Last week, after just over a year of treatment for stage III, HER-2 positive breast cancer, I was given the all-clear! I have envisioned writing this blog post that entire time. I am alive thanks to one thing, and one thing only, and that is advances in breast cancer research over the last 20 years.
The drug that made all the difference for me actually came to market in 1998. That drug is called Herceptin, also known as Trastuzumab. In a 2007 American Cancer Society interview with Dr. Dennis Slamon (Professor, Chief, and Executive Vice Chair for Research at the Department of Medicine, Hematology/Oncology at the UCLA Jonsson Comprehensive Cancer Center), who led the award winning research program in the 1990's that led to the development of Herceptin. In it, he said:
Women with HER-2 alterations had among the worst survival rates. Their tumors were more likely to spread and less likely to respond to treatment. With the advent of Herceptin, things have reversed. Patients with HER-2 now have among the best survival rates. This is an example of how a pretty aggressive cancer can become quite treatable.
October is Breast Cancer Awareness month, so this blog post is my public service announcement to everyone out there to make your health care a priority.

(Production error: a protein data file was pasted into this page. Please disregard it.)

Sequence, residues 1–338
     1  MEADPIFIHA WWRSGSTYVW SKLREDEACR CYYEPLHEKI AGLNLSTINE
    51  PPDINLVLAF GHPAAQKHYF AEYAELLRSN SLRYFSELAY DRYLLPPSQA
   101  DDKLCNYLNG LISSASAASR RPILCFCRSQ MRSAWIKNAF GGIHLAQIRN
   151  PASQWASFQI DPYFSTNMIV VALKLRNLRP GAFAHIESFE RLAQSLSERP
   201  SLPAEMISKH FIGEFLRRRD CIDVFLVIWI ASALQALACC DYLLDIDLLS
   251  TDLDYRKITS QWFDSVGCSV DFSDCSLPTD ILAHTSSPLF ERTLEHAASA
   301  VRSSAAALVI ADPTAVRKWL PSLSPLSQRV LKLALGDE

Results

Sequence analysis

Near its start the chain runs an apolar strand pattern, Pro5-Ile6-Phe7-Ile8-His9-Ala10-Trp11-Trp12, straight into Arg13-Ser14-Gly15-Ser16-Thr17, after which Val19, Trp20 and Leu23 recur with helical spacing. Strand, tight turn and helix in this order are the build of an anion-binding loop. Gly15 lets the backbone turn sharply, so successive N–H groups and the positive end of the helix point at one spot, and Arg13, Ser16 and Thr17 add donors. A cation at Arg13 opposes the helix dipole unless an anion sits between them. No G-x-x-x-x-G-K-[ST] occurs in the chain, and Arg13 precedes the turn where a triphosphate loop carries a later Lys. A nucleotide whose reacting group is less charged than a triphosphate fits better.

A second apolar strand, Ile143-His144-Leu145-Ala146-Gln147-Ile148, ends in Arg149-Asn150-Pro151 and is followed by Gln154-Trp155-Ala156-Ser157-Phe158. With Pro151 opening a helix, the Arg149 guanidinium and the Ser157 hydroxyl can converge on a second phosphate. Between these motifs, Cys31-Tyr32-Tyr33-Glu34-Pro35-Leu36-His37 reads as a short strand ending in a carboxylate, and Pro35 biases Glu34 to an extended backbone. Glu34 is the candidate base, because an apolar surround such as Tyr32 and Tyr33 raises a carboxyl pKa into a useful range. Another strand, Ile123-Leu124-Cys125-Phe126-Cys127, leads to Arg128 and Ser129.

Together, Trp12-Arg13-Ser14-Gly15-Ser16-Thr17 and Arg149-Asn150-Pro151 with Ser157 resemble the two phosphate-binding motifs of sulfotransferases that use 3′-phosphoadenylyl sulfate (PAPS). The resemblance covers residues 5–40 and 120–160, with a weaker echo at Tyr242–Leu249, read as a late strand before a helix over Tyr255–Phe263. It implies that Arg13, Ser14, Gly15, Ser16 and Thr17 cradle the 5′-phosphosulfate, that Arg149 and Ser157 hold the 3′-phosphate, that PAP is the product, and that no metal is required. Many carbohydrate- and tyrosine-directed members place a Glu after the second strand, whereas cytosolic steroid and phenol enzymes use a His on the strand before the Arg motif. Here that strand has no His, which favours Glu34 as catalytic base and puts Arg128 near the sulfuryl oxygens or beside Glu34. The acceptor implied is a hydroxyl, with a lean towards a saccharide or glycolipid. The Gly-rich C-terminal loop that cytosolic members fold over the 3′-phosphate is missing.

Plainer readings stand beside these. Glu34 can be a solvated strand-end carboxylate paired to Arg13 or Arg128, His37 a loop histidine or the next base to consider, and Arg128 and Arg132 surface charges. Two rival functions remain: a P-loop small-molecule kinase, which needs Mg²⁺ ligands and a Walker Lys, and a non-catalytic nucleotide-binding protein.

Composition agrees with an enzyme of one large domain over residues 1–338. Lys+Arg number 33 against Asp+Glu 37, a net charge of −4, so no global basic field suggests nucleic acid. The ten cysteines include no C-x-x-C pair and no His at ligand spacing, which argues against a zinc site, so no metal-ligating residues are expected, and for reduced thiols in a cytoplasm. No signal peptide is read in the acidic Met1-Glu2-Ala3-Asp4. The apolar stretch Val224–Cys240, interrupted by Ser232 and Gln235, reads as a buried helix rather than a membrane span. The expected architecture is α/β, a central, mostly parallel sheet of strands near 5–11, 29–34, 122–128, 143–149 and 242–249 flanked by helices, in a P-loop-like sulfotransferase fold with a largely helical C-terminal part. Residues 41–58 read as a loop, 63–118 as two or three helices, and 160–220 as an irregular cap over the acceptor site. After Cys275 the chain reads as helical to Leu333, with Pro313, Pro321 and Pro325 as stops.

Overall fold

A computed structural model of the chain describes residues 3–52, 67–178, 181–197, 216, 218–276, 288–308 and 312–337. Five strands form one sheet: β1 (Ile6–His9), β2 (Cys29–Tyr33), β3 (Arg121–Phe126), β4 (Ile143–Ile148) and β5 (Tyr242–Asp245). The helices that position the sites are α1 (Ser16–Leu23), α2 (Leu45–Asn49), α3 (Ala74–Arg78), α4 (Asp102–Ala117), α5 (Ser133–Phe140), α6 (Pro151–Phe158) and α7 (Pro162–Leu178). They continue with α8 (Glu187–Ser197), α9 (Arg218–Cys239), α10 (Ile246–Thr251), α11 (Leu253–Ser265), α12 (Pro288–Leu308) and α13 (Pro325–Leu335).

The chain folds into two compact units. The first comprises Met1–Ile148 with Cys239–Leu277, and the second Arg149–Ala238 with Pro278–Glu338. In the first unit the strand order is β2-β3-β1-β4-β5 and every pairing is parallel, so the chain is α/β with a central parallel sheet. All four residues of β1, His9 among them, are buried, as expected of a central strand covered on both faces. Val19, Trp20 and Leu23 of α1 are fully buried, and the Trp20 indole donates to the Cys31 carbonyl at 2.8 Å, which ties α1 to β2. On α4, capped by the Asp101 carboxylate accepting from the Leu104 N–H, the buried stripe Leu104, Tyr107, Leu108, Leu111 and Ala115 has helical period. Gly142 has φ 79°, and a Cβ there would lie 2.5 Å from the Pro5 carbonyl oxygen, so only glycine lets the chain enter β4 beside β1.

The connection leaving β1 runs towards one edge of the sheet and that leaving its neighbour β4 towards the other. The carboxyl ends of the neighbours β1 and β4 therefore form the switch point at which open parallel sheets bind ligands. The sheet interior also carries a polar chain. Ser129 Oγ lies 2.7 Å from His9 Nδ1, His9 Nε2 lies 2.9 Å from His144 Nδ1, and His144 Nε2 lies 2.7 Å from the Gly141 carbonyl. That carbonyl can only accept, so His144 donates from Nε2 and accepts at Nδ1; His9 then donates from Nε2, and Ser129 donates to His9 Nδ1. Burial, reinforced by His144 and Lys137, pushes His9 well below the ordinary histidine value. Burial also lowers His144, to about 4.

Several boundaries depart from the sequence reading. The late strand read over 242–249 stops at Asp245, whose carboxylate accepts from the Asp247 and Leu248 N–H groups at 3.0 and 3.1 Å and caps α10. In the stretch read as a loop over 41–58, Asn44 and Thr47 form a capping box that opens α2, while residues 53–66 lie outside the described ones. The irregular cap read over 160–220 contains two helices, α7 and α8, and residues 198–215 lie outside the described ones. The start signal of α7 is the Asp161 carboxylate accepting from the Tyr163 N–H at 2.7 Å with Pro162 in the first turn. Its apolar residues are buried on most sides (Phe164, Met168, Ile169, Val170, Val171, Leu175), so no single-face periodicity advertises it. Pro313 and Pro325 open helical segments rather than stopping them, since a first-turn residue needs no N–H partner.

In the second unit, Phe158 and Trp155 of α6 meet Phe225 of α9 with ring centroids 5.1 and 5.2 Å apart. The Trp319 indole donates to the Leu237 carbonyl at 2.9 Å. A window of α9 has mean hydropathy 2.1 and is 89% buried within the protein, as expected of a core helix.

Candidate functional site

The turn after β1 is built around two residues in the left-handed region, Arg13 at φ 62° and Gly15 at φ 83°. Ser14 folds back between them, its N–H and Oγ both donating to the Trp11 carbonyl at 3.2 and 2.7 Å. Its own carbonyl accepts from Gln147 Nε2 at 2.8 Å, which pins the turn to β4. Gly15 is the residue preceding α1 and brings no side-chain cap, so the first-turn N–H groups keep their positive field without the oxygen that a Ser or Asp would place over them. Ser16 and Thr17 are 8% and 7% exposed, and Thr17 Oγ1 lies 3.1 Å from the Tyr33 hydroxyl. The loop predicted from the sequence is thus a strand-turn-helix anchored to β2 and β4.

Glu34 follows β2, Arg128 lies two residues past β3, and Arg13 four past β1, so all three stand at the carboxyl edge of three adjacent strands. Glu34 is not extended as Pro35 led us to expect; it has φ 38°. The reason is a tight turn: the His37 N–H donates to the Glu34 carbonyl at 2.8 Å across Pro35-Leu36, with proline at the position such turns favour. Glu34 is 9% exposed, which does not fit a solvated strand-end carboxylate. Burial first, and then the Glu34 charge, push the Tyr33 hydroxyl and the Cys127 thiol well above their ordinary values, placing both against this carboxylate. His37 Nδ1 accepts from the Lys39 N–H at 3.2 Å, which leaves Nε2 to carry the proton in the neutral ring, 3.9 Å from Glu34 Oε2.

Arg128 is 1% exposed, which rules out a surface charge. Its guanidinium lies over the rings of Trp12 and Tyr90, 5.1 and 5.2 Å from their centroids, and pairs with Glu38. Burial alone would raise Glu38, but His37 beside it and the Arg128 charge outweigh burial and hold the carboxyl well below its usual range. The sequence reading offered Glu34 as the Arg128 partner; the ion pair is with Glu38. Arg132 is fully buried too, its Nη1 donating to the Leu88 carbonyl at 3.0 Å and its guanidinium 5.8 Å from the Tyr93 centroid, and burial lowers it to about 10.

Haven't had time to register yourself with a primary care provider? I learned the hard way that this is not an option. Turns out breast cancer doesn't care if you and your family have moved countries twice in three years. Nor does breast cancer spare you if you have been putting your children first and prioritizing your children's health check-ups, but not your own.
Haven't had time to schedule in your annual mammogram? I had my first mammogram at 43, the day I was diagnosed with breast cancer. Do not wait like I did. It will be an hour very well-spent.
Not sure of your family history of breast disease? I was, but had been told years ago that the history on my father's side did not put me at higher risk for breast cancer. Guess what, that was wrong! Turns out I should have been having mammograms from the time I was 28. I wasn't.
Not sure of your actual risk level? Get informed.
Worried that you might have breast cancer, but are scared of finding out? I can tell you from personal experience that you can weather any news you might get more gracefully than you could ever imagine. Early detection makes such a massive difference on both the treatment and the outcomes. Do not put it off another day.
Bottom line: Make October the month that you take action for yourself, for your family.
Here are a couple of links that might help:
National Breast Cancer.org
Thank you for any and all donations to any breast cancer charities in the past and in the future. Myself and many others are alive thanks to the abundant research and attention that breast cancer has been given. It truly has made all the difference for so many families.
This blog post was originally published on Triangle Mom2Mom
You can follow Heidi on Twitter @heididifference and on Facebook at The Parenting Difference